Hospice Qui Tam

NEW YORK, July 6, 2017 /PRNewswire/

-- On July 6, 2017, US District Judge Robert B. Kugler ordered the unsealing of the complaint and settlement agreement in a whistleblower lawsuit against Compassionate Care Hospice Bensalem (PA), a subsidiary of Florida-based Compassionate Care Hospice Group, Inc., New York City attorney Timothy J. McInnis, of McInnis Law, announced today. Under the terms of the agreement with two ex-employees and the United States, CCH will pay $1,987,500 to the government to resolve Medicare fraud allegations in the lawsuit captioned United States, et al., ex rel. Jane Doe and Mary Roe v. Compassionate Care Hospice, et al., Civil Action No. 10-3484 (D.N.J.).
CCH will also pay the whistleblowers $600,000 to resolve retaliation claims and attorneys' fees.
According the complaint, CCH billed Medicare for services that were not rendered, not medically necessary, or obtained through kickbacks, in violation of the False Claims Act. The complaint details instances where CCH billed Medicare for hospice services for patients who did not meet the requirements for terminal illness or who did not need higher levels of hospice care. The whistleblowers also charged that CCH violated the anti-retaliation provisions of the False Claims Act and New Jersey's Conscientious Employee Protection Act by ring one employee after she objected to the company's fraudulent billing practices and by creating a work environment that forced the other to quit.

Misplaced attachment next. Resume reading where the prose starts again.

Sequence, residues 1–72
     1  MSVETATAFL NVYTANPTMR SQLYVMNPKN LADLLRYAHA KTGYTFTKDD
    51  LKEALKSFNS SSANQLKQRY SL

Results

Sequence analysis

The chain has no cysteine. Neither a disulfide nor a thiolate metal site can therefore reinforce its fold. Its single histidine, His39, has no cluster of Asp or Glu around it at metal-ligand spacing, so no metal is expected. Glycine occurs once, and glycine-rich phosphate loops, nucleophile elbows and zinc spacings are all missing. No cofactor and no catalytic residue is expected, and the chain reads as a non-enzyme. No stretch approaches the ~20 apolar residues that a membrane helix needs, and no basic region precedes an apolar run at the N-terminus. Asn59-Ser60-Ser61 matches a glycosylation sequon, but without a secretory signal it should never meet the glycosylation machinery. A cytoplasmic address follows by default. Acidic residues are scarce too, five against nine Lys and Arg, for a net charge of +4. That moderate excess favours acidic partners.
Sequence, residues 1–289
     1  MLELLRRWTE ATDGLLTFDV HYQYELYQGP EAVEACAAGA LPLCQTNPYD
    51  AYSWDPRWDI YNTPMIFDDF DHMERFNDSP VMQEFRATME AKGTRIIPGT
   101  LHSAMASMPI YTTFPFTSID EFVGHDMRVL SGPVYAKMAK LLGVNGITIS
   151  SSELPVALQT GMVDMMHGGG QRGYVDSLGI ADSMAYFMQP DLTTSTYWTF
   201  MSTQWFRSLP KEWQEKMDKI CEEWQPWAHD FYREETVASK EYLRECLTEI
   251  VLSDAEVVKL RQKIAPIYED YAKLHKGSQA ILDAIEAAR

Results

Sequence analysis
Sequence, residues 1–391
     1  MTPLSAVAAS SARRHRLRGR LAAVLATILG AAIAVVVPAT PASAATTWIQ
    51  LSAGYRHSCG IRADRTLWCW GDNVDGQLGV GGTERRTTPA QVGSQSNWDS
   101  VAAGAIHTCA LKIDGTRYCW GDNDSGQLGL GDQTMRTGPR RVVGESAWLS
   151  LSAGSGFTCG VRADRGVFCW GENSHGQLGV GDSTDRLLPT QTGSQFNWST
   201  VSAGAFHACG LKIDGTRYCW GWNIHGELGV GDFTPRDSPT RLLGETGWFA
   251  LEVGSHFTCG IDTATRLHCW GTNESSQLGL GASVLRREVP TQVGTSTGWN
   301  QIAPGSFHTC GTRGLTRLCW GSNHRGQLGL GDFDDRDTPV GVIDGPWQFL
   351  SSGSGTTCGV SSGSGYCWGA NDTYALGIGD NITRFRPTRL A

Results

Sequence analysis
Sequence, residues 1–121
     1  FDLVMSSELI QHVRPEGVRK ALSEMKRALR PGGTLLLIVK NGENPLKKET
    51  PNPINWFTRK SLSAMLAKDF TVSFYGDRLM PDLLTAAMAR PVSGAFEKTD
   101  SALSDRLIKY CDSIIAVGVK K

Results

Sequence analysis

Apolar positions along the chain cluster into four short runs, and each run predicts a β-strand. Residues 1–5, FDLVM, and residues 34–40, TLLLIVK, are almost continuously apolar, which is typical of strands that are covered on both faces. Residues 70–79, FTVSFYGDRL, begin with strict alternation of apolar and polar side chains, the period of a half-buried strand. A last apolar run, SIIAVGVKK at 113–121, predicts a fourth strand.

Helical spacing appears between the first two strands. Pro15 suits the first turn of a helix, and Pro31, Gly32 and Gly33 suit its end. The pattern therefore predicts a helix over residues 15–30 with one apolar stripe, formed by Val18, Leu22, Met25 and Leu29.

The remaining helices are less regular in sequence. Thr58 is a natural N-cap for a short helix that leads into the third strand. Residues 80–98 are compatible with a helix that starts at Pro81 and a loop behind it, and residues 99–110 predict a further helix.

The whistleblowers (called "relators" in the lawsuit), were represented by attorneys McInnis and Britton Monts of Austin, Texas based Monts Law. McInnis stressed the need to bring cases like this to light. "Hospice fraud exploits our most vulnerable members of society at the expense of U.S.
taxpayers. It is vital for employees of healthcare organizations to speak up if they suspect Medicare or Medicaid billing fraud." McInnis further noted that the government encourages people to come forward by rewarding them for their information, typically 15% to 25% of any proceeds.
In this case, the settlement agreement provides for the whistleblowers to share approximately $360,000 (18%) of the government's recovery. Passed by President Lincoln in 1863, the False Claims Act is the most effective tool for rooting out fraud against government programs, McInnis explained. Under its "qui tam" provisions citizens can sue wrongdoers on behalf of the government. In this case, however, the government chose to take over the case after investigating the whistleblowers' allegations, McInnis said.

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